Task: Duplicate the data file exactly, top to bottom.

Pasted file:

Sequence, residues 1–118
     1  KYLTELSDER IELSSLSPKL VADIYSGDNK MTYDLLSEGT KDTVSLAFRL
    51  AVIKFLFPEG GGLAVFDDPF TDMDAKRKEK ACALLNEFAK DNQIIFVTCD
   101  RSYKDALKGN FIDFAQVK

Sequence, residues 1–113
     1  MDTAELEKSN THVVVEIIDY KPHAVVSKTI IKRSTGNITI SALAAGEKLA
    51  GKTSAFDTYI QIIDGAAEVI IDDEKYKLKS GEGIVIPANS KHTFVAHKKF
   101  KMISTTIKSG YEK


Sequence, residues 1–118
     1  KYLTELSDER IELSSLSPKL VADIYSGDNK MTYDLLSEGT KDTVSLAFRL
    51  AVIKFLFPEG GGLAVFDDPF TDMDAKRKEK ACALLNEFAK DNQIIFVTCD
   101  RSYKDALKGN FIDFAQVK

Sequence, residues 1–113
     1  MDTAELEKSN THVVVEIIDY KPHAVVSKTI IKRSTGNITI SALAAGEKLA
    51  GKTSAFDTYI QIIDGAAEVI IDDEKYKLKS GEGIVIPANS KHTFVAHKKF
   101  KMISTTIKSG YEK